Mary Poppins Returns
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All Critics (45)
| Top Critics (18)
| Fresh (43)
| Rotten (2)
"She's never not performing," says one friend. And the documentary, "Marina Abramovic: The Artist Is Present," confirms it.
Briskly edited and brightly shot.
In place of evenhandedness, the film gives us a full sense of a personality and intelligence so riveting that we begin to comprehend why all those hundreds of thousands lined up at the MoMA.
Abramovic is raw and likeable, if mostly inscrutable.
The film's centerpiece is the retrospective devoted to Abramovic at the Museum of Modern Art in the spring of 2010.
The film goes a long way to establish the intellectual seriousness and dedication involved in her ambitious series of art stunts.
This insightful, rather than uncritical, documentary justifies its place on the big screen.
It's a shame that the people who really need to see Matthew Akers' transfixing debut documentary, Marina Abramović: The Artist is Present, won't go near it.
Like any good documentary, ""The Artist Is Present" gives insight into the life and work of a truly talented lady. Her works may not be for all tastes she but obviously has an audience if MoMA is any indication.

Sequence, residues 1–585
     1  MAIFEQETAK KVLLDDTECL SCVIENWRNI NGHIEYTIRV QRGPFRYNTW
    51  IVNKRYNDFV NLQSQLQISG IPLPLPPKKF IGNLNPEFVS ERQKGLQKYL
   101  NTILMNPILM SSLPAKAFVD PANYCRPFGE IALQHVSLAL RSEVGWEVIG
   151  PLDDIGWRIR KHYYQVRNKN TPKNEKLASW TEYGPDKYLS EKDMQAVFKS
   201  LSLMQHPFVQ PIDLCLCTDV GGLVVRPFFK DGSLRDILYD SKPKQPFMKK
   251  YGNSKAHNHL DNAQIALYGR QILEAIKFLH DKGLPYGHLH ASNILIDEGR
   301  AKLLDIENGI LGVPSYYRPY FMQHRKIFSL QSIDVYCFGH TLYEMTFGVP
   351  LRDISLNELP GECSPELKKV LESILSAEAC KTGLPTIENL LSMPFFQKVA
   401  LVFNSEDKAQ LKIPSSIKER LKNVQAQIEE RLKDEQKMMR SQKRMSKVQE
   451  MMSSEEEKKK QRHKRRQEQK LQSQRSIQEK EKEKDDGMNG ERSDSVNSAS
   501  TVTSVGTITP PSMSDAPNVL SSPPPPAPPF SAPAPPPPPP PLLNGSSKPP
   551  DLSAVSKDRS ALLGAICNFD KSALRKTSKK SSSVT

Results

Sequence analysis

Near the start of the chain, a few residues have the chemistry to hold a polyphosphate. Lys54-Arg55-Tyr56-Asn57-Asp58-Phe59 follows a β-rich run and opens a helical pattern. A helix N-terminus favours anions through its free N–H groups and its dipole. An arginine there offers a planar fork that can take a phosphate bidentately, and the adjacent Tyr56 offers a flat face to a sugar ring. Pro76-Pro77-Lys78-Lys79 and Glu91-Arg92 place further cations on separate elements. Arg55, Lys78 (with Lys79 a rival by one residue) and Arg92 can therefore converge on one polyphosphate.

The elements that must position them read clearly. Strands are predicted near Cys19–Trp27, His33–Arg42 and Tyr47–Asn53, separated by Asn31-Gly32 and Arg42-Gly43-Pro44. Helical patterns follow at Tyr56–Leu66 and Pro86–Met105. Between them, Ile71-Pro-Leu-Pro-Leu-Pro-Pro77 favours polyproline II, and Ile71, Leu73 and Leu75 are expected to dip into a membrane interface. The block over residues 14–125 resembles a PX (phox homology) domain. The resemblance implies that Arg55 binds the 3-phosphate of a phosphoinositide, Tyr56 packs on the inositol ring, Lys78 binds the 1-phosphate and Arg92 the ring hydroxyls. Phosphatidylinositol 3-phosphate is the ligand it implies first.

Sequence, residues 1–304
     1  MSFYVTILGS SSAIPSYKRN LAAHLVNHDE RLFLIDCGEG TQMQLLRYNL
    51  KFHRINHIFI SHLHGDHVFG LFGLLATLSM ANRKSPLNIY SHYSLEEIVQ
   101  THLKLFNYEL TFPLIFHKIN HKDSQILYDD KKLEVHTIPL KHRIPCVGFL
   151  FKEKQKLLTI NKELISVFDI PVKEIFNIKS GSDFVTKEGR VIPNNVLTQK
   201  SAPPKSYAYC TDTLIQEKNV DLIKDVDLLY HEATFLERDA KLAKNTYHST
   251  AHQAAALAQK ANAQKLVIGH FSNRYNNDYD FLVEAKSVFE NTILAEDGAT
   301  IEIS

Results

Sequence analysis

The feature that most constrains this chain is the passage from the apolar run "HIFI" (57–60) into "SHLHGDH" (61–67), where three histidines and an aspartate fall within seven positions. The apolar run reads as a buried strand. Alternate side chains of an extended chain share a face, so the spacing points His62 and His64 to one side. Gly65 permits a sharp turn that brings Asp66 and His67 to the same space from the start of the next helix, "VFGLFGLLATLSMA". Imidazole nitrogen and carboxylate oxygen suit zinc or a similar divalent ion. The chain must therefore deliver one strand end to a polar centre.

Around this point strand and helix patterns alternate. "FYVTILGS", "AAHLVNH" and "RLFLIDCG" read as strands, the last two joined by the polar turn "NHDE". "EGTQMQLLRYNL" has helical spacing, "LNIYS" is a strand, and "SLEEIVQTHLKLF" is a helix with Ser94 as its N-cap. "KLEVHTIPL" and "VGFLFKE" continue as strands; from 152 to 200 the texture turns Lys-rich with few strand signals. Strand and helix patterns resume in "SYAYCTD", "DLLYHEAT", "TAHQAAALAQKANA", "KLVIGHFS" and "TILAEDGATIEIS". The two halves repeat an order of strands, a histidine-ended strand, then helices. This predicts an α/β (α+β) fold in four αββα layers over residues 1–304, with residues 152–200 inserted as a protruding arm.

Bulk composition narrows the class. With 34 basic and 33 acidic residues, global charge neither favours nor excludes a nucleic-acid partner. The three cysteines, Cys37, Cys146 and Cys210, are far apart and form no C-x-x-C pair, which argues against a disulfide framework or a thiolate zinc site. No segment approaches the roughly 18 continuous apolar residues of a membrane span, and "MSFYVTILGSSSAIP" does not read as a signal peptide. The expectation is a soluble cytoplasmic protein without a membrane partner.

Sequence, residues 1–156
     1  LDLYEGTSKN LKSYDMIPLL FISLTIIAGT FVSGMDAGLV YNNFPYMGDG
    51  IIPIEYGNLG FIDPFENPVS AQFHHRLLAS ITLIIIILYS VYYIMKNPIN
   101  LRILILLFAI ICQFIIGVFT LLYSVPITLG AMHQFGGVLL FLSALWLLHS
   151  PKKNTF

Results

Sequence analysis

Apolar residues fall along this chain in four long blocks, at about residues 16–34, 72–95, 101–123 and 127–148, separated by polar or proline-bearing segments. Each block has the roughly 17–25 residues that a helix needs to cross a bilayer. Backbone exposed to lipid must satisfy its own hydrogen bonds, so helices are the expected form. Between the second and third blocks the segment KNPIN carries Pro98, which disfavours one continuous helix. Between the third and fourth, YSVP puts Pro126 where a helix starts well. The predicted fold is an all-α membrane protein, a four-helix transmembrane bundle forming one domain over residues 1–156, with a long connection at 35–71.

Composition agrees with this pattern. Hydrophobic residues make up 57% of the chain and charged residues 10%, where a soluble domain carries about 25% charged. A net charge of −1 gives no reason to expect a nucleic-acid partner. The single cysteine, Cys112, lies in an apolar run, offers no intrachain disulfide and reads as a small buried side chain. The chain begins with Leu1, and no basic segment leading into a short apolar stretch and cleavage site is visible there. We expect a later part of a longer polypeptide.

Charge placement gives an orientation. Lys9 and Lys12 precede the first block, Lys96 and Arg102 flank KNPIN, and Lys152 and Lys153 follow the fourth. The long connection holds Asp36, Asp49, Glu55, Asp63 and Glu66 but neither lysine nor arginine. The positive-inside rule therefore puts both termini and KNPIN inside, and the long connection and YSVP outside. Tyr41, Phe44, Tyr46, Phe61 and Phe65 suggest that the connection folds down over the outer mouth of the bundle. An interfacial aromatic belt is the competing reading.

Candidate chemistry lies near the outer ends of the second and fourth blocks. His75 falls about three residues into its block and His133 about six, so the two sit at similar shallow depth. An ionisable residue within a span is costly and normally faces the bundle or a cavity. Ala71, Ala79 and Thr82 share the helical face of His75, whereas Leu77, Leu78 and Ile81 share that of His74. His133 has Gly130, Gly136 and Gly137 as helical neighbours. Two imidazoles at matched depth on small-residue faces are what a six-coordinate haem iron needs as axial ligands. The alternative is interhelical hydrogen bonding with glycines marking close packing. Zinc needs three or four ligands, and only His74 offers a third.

...for the 2 1/2 month run of the [MoMA] show, Marina would sit completely still in a chair as visitors cued up to sit across from her and look into her eyes. The effect is incredibly and unexpectedly moving.
It demonstrates how cinema can actually make the artist seem present, offering an empathetic fellow consciousness that mirrors one's soul.
If you have been looking for the natural meeting place of Jafar Panahi's document of life under house arrest This is Not a Film and Justin Bieber's popumentary Never Say Never, look no further.
A fascinating and surprisingly moving documentary that not only offers us an insight into the work of an artist of great charisma and magnetic presence but also shows a lot about the transforming power of Art and a challenging Art form that is not appreciated as it should be.
As humans, we have a tendency to laugh at things we do not understand. Top of that list is performance art. So, it is a good thing that the documentary "Marina Abramovic: The Artist Is Present" has come along to make sense of it in general. The subject is Marina Abramovic, the so-called 'grandmother of performance art' as she is receiving a career retrospective at the Museum of Modern Art where young artists after participating in a three day artists' boot camp at her home in the Hudson Valley recreate some of her pieces. As far as Ms. Abramovic goes, she sits still in a chair for hours, allowing herself to be a 'mirror' to those sitting across from her, including one possibly recognizable actor looking for tips. That same sense of reflection can be extended to Fox News commentators who seem to be in serious need of smelling salts when discussing the nudity in her work.
Throughout her career, Abramovic has used her body as a canvas which might possibly shock some. Otherwise, her work reminds me a little of the work of Pina Bausch in being about the relationship between the genders which unlike the cheorographer is more about moving as little as possible. Well, except for the epic piece she did that involved the Great Wall of China. Who knows what the Chinese authorities thought of that?
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